The Conspirator: Noah Howell on The Chuting Gallery

“I’ve always been a slow reader, but I never imagined it would take me 13 years to finish a flimsy paperback,” Noah Howell wrote on his blog in 2011. Once a budding Utah-based skier and co-conspirator behind Powderwhore Productions with his brother, Jonah, Noah developed an interest in pursuing The Chuting Gallery’s lines that fueled his imagination and kicked off a lasting friendship and numerous expeditions with Andrew McLean. On April Fool’s Day 2011, after three unsuccessful attempts, Howell skied the northeast couloir of the Pfeifferhorn with McLean and Andy Jacobson, completing his Chuting Gallery quest. —Louise Lintilhac 

Andrew McLean rappels into the Pfeifferhorn’s northeast couloir on the day that Noah Howell completed his quest to ski every line in The Chuting Gallery. [Photo] Andy Jacobsen

First Impressions

I went to a slideshow at REI, an intimate gathering where Andrew presented on his new “guidebook,” The Chuting Gallery. At the time, I was just getting into backcountry skiing, and my focus was skiing wide-open powder bowls, so the book was a real eye opener. Honestly, it freaked me out. I was like, “What the fuck? Why would you want to ski this stuff?” But it excited me. I wanted to go check out these steep and mysterious new corners of the Wasatch and see if I could ski them.

I made it a goal to tick off all of the three-star lines, which are great, skiable descents. Then a friend invited me to go ski Devil’s Castle at Alta. It’s one of the more convoluted and bizarre lines in the book; it’s a traverse that sits above a 500-foot cliff. Afterward, as I checked it off in my list, I realized I was about halfway through the book, and I’d just notched one of the rowdiest lines. My OCD took over, and I decided to try and finish them all.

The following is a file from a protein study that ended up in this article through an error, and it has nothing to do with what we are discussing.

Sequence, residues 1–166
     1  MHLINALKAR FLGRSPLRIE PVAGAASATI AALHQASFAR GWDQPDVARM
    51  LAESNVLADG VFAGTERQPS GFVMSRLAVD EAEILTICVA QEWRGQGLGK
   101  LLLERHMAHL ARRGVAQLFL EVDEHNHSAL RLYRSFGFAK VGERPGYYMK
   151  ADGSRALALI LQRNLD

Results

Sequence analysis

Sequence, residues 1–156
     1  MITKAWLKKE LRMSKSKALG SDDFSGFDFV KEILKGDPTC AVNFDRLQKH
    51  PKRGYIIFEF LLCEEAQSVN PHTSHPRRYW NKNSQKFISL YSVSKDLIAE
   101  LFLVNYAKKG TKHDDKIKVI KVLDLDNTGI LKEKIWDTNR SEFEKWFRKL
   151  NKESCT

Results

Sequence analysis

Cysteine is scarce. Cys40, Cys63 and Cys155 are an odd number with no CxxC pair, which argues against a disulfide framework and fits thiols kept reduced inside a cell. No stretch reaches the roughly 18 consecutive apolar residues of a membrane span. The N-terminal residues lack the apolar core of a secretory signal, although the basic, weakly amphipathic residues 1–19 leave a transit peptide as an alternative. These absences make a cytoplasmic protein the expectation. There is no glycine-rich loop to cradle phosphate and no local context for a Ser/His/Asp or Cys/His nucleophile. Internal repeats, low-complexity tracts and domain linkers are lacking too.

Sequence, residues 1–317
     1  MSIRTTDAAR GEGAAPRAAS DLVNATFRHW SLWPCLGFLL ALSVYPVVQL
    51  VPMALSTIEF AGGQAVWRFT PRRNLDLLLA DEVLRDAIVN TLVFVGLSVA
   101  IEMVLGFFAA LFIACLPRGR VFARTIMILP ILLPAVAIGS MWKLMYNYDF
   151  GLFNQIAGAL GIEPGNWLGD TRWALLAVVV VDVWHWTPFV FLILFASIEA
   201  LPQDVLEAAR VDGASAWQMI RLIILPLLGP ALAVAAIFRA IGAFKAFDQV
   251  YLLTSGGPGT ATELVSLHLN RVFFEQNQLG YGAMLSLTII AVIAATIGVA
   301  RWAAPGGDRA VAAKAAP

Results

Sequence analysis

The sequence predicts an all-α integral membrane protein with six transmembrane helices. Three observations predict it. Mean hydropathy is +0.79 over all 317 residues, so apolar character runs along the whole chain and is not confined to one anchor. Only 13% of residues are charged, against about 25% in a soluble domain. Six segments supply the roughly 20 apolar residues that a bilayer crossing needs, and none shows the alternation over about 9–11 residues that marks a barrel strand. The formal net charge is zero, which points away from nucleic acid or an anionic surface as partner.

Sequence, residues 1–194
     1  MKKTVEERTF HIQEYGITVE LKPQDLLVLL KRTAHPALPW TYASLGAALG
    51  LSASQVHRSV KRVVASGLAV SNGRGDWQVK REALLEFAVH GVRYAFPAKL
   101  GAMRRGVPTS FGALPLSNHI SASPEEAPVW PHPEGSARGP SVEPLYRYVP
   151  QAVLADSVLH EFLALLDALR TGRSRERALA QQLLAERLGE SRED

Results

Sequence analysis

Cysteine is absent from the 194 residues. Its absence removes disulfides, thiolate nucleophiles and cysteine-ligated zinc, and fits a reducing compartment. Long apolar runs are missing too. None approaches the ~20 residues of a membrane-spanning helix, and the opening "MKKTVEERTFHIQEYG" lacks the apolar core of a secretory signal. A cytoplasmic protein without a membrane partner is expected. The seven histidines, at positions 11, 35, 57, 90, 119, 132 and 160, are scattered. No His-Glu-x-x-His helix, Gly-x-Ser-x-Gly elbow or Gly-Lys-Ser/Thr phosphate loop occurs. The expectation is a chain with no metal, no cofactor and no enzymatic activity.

Friends in Steep Places

We did a segment with Andrew in one of our Powderwhore films called Masterpiste Theater, where we had him sitting in the corner of a fancy study smoking a pipe and talking about skiing the lines in his book. That was how I really got to know him. Then, later, we went skiing and did some big expeditions to Alaska and became friends.

Steep Legacy

It’s still relevant today because people are drawn in by Andrew’s humor, self-deprecation and lightheartedness about skiing scary stuff. I also think that the way he wrote it is fun; it still leaves a lot open to interpretation. It’s a horrible “guidebook” insomuch as you don’t get good directions or instructions, but that only adds to the mystery. He basically wrote just enough to draw you in, but you have to figure it out on your own—or give him a phone call like I did once from the slope when I couldn’t find the rappel in the Montgomery Chute.

Chuting Lessons

On one attempt of the northeast couloir of the Pfeifferhorn with Andrew, he dropped in first and disappeared out of sight. We waited and waited, then Andrew came booting back up and said, “Umm, it’s really steep and icy in the choke. I’m just not into it, but if you guys want to ski it, you can.” My brother and I looked at each other and said, “Hell no.” That’s like Rambo running away from a gunfight, saying, “Yeah, I’m out of here, but if you guys wanna go fight, feel free.”

I learned that having set objectives instantly influences your decision making and adds greater danger. You have totally different motivations when you have a goal versus just going out to ski what’s safe and in good condition. I also learned that Andrew is sick in the head, but that’s pretty apparent from reading the book.

Subscribe now and get your own copy of The Chuting Gallery:

Speak Your Mind